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The Effect of Web-Based Education on Patient Satisfaction, Consultation Time and Conversion to Surgery.
Published Web Locationhttps://doi.org/10.1097/sap.0000000000000557
IntroductionTo evaluate the effect of web-based education on (1) patient satisfaction, (2) consultation times, and (3) conversion to surgery.
MethodsA retrospective review of 767 new patient consultations seen by 4 university-based plastic surgeons was conducted between May 2012 and August 2013 to determine the effect a web-based education program has on patient satisfaction and consultation time. A standard 5-point Likert scale survey completed at the end of the consultation was used to assess satisfaction with their experience. Consult times were obtained from the electronic medical record. All analyses were done with Statistical Analysis Software version 9.2 (SAS Inc., Cary, NC). A P value less than 0.05 was considered statistically significant.
ResultsThose who viewed the program before their consultation were more satisfied with their consultation compared to those who did not (satisfaction scores, mean ± SD: 1.13 ± 0.44 vs 1.36 ± 0.74; P = 0.02) and more likely to rate their experience as excellent (92% vs 75%; P = 0.02). Contrary to the claims of Emmi Solutions, patients who viewed the educational program before consultation trended toward longer visits compared to those who did not (mean time ± SD: 54 ± 26 vs 50 ± 35 minutes; P = 0.10). More patients who completed the program went on to undergo a procedure (44% vs 37%; P = 0.16), but this difference was not statistically significant.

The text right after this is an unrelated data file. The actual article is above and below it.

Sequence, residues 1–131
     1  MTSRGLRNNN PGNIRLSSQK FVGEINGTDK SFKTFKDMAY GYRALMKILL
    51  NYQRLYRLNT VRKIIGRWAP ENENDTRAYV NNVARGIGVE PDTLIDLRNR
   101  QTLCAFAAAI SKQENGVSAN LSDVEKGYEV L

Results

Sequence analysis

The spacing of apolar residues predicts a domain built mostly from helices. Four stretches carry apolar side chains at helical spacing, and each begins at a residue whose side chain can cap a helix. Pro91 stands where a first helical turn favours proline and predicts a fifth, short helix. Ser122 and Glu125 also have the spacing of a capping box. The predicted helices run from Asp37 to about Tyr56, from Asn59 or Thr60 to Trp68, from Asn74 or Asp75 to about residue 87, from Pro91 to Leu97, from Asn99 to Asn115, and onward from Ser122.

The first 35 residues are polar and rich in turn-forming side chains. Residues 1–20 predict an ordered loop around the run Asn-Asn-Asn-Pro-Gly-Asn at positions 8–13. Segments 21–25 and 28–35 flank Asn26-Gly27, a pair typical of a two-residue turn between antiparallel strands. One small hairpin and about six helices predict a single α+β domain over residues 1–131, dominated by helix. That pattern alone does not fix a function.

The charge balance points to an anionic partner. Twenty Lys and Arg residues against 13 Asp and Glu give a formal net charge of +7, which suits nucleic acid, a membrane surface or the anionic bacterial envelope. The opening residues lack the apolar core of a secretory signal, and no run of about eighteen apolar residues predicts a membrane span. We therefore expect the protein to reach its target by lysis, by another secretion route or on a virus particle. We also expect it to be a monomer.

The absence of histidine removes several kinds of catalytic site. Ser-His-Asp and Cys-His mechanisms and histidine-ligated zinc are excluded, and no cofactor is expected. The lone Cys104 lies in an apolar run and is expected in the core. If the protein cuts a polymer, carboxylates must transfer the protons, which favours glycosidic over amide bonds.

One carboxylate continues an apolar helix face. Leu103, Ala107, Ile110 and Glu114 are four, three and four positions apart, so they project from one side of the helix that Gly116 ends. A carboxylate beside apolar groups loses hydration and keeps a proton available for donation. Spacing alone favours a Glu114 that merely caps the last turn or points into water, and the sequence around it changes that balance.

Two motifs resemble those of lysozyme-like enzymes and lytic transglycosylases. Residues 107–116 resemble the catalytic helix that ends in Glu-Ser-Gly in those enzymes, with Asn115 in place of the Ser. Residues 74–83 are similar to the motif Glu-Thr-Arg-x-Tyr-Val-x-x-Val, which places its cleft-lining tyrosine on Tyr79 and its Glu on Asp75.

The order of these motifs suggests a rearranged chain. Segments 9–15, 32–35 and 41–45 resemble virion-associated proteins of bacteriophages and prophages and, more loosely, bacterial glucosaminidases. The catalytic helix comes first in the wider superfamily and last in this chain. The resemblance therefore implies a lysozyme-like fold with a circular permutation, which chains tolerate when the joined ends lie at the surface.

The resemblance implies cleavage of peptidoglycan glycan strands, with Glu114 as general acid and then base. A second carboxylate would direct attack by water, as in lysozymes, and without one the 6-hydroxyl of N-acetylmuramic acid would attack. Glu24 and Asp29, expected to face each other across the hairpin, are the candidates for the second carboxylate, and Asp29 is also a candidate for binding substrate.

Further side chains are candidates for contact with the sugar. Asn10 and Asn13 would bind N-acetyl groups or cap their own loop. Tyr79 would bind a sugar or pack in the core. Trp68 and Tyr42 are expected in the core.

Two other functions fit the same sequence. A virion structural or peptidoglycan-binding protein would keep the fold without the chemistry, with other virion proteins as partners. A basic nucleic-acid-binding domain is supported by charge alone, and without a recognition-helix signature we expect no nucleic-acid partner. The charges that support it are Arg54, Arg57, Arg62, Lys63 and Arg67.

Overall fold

DiscussionViewing web-based educational programs significantly improved plastic surgery patients' satisfaction with their consultation, but patients who viewed the program also trended toward longer consultation times. Although there was an increase in converting to surgical procedures, this did not reach statistical significance.
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